Do you mean quitting? Because if you quit or walk out in the middle of a shift, you're not going to get your tips for that night. So the "option" would be to be unemployed and lose a night's pay? And you're comparing that to the diner's "option" to steal food and service by leaving without paying a bill? The two don't seem comparable to me.

                            1. re: nc213

                              You misunderstood. In Soupkitten's story the waiter had to pay for the 2 large parties that left without paying. He didnt make enough in tips to reimburse the owner and had to write a check. So he lost the night's pay anyway. She didnt say the amount owed but if it was hundreds of dollars he may have had to work a couple of days more to make up for it. Therefore, he had the option of "walking out" and saving himself the money. Yes, he would be unemployed but if that restaurant has 2 non paying patrons in one night it is possible it will happen to him again. Perhaps, the restaurant and him were not a good match.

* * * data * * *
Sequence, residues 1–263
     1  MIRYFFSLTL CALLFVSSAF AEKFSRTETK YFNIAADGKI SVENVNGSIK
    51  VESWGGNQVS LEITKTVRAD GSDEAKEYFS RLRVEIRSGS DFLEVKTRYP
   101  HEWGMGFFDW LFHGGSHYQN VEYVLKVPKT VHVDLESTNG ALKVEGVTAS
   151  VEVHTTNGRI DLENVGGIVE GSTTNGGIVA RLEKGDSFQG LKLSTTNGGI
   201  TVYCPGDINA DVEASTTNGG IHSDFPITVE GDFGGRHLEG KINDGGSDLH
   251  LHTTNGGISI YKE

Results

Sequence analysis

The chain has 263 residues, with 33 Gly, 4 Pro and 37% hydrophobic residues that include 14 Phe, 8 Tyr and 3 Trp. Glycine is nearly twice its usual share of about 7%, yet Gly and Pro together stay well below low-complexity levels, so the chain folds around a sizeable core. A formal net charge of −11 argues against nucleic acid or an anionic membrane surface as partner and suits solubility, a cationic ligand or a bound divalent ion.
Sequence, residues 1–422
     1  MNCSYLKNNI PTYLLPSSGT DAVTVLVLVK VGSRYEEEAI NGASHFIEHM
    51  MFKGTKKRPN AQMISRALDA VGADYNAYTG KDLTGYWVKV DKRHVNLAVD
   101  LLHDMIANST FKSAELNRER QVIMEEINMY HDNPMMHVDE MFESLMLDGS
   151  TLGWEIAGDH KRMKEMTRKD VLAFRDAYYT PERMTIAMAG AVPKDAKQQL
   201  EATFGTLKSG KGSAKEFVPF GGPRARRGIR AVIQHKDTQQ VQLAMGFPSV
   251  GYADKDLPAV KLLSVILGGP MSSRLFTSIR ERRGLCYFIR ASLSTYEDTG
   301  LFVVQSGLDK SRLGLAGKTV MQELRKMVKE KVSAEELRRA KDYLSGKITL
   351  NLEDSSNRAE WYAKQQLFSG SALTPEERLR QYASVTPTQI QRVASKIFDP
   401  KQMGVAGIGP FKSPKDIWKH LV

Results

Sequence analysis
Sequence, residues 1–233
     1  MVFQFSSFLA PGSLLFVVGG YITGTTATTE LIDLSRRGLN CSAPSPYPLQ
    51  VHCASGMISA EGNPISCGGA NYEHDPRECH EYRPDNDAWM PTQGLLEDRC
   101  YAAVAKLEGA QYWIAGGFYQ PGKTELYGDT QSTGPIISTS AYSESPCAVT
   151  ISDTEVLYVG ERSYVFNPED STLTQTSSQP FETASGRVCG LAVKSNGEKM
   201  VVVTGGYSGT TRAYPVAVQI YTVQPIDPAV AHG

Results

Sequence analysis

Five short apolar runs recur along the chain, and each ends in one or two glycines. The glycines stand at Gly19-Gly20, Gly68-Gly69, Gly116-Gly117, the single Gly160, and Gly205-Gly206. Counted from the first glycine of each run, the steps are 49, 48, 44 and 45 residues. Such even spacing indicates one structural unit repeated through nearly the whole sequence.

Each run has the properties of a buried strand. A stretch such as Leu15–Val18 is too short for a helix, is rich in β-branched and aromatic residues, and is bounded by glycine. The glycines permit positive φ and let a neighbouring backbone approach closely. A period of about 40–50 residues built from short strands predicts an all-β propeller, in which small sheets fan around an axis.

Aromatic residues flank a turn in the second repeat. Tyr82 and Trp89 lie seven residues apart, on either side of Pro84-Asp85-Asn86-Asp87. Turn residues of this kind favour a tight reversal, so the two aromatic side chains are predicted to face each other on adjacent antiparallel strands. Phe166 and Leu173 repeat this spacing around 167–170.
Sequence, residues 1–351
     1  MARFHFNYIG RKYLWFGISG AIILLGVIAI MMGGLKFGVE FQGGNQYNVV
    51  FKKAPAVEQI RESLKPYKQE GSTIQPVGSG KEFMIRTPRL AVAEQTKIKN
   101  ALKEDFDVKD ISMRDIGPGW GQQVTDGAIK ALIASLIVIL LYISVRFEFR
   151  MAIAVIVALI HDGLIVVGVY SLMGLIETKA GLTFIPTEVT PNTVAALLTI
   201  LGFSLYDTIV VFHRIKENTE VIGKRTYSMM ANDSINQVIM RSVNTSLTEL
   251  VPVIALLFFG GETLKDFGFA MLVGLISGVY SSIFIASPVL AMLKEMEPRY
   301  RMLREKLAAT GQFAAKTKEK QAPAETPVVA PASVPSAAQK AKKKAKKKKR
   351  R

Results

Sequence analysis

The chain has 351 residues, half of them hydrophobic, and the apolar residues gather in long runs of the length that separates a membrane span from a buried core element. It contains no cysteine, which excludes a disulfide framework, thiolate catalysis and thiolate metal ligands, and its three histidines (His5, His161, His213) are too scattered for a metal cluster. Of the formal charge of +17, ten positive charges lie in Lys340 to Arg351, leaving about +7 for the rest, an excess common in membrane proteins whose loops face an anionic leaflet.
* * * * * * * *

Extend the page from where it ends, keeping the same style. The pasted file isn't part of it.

1. re: nc213

                                That's also probably illegal, at least in CA.

                          2. re: invinotheresverde

                            you're all misunderstanding what i wrote. "if the house eats the check" -- meaning if the house doesn't hold the server responsible, same as if you don't like your fish and i take it off the bill. it's not part of the server's sales any longer. ok?

                            1. re: invinotheresverde

                              I believe that's illegal in California.